Last Planner System

4 Helpful hints before you Pull Plan

Pull planning tips from Lean Construction expert and co-author of The Lean Builder book, Keyan Zandy offers 4 helpful hints to use BEFORE you pull plan.

I’ve had plenty of bad pull plan experiences over the years. Pull plans that lasted for hour and hours, pull plans that had critical trades missing, pull plans where we ran out of pull plan sticky notes. The list goes on and on. But even through all that, team members gained value from the process, and so did I. Through the lessons we have learned, below is a list of pull planning tips on what you can do before you pull plan to make sure your pull has a better chance of running smoothly.

Pull Planning Tips

Decide on the milestone to pull

Do not be overly ambitious. Plan for 12 to 16-weeks maximum with your plan. Longer than that and the pull plan meeting for teams unfamiliar with the process can be overwhelming. Long pull plans have the tendency to frustrate trade partners and can lead to teams not feeling like much value was added.

Decide on a facilitator

If possible, choose a facilitator that is neutral to the project. This can allow for better collaboration. If the project superintendent facilitates the pull plan, be sure that he or she does not try to dictate activities, as this can lead to trade partners feeling pressured to make commitments that are unattainable. The facilitator’s role is crucial to the success of the pull plan, and a good facilitator will be able to lead the team, ask good questions, and keep everyone on track.

Select who should attend

When you have selected the date for your pull plan, be mindful of who is invited. Last planners (the people that make assignments to direct the work, i.e. foremen/ superintendents) are required. If trade partner project managers are making commitments at the pull plan in lieu of the last planner installing the work, there is a chance that durations will be incorrect. However, trade partner project managers are encouraged to attend, especially if they have a better understanding of the status of material fabrication and delivery. From the general contractor’s side, be sure that superintendents and project management staff are invited and attend.

Pre-Pull Planning

It is advised for the general contractor to do a pre-pull plan meeting before conducting the official pull plan with all the trade partners in attendance. This allows the superintendent and project management teams to discuss expectations, identify predicted work durations, and share their thoughts around the direction of workflow and phasing.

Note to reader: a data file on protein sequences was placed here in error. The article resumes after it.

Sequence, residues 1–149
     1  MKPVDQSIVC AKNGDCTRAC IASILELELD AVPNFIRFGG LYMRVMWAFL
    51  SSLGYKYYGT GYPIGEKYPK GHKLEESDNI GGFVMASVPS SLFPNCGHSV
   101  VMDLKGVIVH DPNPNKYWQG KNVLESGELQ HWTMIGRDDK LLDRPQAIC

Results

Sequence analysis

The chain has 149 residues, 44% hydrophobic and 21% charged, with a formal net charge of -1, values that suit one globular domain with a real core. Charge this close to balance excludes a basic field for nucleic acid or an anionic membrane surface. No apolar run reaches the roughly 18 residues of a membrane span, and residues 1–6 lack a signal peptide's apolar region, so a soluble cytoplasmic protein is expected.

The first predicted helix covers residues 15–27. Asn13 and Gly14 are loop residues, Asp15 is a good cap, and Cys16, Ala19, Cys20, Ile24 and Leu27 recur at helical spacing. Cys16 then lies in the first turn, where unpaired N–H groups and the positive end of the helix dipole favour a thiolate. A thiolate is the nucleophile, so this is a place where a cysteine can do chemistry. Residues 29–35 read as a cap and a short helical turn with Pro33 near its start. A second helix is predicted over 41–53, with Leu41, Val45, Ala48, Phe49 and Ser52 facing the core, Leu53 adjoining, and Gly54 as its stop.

Note: the direction of the pull plan can deviate from the pre-pull, and that’s okay. It is just important to have thought through the phasing and scheduling as a team prior to the meeting; that is the purpose of the pre-pull.

By pre-pulling the project, the general contractor can develop a “cheat sheet” that allows them to monitor key durations during the pull plan and challenge the team when needed to ensure float is not being built into any activities.

The last step in doing an internal pre-pull plan is developing a template that can be emailed to trade partners, along with the construction documents/BIM models, that clearly articulates:

– Date, time, and purpose of the pull plan;
– Expectations around who should attend and what each person will contribute;
– Preliminary thoughts around work phasing and flow; and
– Desired level of detail that should be described for each activity

By: Keyan Zandy, COO
Skiles Group

For more from Keyan, see The Lean Builder – A Builder’s Guide to Applying Lean Tools in the Field or Connect with Keyan on LinkedIn.

Keyan Zandy is a longtime Lean practitioner, enthusiast, and advocate. As Skiles Group’s COO, he has a dual focus on client service and on nurturing a progressive company culture. He is ultimately responsible for the oversight of the firm’s daily operations and ensuring that their Lean processes are continuously improved and consistently practiced. He is the co-author of The Lean Builder: A Builder’s Guide to Applying Lean Tools in the Field, which simplifies and clearly articulates the benefits of seven primary Lean concepts, and delivers them in a highly-relatable, immediately-applicable, and field-friendly manner. Keyan also serves as CEO for Smart Safety, an award-winning crisis management communication and emergency response tool.

1 Comment(s)

  1. Steve Long

    Excellent and practical best practices. The pre-pull is particularly helpful.

    March 3, 2020 at 7:02 pm | Reply

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